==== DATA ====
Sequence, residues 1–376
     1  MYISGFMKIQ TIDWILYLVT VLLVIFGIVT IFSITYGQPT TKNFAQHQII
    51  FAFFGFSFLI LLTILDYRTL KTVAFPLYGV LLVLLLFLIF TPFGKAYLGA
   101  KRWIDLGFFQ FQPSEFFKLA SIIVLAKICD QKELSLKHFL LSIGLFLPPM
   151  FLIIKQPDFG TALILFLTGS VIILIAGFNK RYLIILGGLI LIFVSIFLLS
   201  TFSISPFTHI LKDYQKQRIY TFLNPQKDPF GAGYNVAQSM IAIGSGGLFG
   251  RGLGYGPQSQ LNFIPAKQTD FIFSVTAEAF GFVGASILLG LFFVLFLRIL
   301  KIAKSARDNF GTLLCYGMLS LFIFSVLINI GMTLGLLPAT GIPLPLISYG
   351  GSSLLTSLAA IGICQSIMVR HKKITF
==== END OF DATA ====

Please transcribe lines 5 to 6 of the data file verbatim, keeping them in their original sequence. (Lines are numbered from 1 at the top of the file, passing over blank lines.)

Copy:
   151  FLIIKQPDFG TALILFLTGS VIILIAGFNK RYLIILGGLI LIFVSIFLLS
   201  TFSISPFTHI LKDYQKQRIY TFLNPQKDPF GAGYNVAQSM IAIGSGGLFG